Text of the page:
A new report that compares the cost of living for 306 cities in the country ranks Anchorage the nation's 23rd most expensive, according to 2013 data.

The Anchorage Economic Development Corp. recently released its findings which outline several costs of living in Anchorage, including housing, health care, transportation and groceries. The last category is where Anchorage saw the most improvement, according to Bill Popp, AEDC's president and CEO.

"We're only 13 percent above the national average on groceries in terms of the cost of the national average -- it used to be 26 percent and higher," Popp said.

More development has helped narrow the gap between what Anchorage residents pay for groceries and the national average, according to Popp. The recent East Anchorage openings of a new Sam's Club and Walmart, as well as the remodel of Fred Meyer department stores and the new 36th Avenue location of the Natural Pantry, create a more competitive market.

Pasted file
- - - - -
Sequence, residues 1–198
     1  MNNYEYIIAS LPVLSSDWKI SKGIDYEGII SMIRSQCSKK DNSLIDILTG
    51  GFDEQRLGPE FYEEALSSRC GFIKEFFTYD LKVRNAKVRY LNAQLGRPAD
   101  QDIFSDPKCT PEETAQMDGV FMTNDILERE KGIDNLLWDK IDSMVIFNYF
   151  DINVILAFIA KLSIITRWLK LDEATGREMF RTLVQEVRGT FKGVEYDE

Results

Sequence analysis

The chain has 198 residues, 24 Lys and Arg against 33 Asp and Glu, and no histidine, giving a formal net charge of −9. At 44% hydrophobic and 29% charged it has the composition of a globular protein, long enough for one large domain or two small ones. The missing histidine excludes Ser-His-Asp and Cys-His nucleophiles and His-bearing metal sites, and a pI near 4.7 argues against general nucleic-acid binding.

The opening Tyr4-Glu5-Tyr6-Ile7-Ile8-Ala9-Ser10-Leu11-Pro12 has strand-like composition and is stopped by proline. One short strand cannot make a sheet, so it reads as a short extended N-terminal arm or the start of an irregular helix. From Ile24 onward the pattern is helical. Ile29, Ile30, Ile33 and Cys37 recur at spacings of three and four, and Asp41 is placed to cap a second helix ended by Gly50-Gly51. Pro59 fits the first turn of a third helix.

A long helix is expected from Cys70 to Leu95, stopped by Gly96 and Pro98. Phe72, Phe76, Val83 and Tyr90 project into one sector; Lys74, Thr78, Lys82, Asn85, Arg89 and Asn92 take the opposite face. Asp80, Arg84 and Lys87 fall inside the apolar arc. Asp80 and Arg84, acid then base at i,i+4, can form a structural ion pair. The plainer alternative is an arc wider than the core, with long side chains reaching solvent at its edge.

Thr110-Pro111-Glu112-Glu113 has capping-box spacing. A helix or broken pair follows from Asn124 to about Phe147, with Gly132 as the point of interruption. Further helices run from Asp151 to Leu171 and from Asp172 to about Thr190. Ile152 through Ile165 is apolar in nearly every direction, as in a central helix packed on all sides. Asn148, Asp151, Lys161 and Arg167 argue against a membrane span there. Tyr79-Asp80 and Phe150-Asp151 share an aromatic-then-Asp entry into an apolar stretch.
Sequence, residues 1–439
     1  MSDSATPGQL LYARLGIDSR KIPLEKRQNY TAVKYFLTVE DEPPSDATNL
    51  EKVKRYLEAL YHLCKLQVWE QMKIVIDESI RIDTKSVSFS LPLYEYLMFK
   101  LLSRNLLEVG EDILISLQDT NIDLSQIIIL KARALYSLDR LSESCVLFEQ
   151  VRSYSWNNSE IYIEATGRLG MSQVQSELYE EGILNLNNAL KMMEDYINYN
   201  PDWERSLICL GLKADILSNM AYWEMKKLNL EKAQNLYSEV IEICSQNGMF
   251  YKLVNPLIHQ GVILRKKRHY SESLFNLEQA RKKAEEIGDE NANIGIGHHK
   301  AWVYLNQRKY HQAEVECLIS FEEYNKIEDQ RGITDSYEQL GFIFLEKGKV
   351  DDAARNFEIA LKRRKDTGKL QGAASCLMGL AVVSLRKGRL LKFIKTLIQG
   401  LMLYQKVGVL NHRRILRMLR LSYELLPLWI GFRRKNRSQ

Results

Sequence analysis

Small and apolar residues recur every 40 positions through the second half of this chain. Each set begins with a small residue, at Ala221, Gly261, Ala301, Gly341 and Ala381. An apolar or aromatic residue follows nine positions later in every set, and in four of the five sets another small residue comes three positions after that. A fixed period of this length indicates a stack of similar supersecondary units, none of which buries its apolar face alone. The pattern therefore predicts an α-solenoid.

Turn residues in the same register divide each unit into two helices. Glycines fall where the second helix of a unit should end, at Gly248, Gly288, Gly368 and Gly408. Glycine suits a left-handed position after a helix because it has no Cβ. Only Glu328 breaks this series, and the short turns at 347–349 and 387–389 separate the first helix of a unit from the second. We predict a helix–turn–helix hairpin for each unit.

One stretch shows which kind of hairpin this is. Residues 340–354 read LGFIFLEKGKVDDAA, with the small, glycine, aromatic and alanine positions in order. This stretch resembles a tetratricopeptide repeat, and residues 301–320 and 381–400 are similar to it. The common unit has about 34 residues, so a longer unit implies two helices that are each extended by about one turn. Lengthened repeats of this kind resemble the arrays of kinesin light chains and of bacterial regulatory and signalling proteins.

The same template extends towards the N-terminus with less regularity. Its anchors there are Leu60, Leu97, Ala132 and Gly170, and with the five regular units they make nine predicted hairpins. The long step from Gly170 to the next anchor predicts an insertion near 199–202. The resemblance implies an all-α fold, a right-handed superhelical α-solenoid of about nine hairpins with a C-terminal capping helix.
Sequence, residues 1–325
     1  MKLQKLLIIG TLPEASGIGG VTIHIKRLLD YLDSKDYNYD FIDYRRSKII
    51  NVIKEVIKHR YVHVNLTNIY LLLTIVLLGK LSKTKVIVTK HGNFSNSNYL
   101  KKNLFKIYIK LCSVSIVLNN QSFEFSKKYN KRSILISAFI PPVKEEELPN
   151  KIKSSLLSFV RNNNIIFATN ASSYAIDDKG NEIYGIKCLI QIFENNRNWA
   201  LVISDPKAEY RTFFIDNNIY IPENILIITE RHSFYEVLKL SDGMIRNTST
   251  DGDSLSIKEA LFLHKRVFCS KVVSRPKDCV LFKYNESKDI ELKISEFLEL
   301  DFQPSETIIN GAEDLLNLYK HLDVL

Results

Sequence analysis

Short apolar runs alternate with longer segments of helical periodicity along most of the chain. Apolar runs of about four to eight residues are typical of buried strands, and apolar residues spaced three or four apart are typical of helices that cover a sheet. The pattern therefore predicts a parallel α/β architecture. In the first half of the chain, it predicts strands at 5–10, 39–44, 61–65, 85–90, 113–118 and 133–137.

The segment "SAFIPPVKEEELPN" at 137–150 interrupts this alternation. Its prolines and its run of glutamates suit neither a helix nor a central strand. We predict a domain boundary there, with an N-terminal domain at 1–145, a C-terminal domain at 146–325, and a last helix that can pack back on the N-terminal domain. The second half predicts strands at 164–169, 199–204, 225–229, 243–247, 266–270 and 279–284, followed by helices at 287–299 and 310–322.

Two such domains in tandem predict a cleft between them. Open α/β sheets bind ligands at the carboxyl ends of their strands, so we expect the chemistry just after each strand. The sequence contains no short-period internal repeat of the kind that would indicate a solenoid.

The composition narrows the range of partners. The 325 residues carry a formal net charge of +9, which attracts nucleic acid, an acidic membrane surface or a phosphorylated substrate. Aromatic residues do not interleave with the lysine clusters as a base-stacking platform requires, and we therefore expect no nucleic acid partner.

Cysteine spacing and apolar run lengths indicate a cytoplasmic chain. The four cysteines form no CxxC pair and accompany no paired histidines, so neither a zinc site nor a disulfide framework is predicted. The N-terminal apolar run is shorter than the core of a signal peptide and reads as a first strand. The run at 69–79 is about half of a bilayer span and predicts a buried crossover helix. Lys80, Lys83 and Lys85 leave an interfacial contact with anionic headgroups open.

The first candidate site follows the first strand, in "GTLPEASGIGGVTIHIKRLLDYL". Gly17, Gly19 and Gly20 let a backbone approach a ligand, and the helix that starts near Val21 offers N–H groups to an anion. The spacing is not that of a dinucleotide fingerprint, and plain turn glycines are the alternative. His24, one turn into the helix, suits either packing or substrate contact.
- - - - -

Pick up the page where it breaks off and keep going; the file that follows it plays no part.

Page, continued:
"We think that's helping to slow down the growth of food costs in Anchorage, to bring them closer in line with national averages," Popp said.

Owners of the brand-new Natural Pantry store say it's expected to open in mid-April, with shelves in the process of being stocked. AEDC says the grocery index contributes to a lower cost of living which in turn, attracts more business in Anchorage.

"Anytime we can be a more comparable city in the cost of living then we've got a better opportunity to attract that investment," Popp said.

Overall, the cost of living in Anchorage is 26 percent higher than the national average.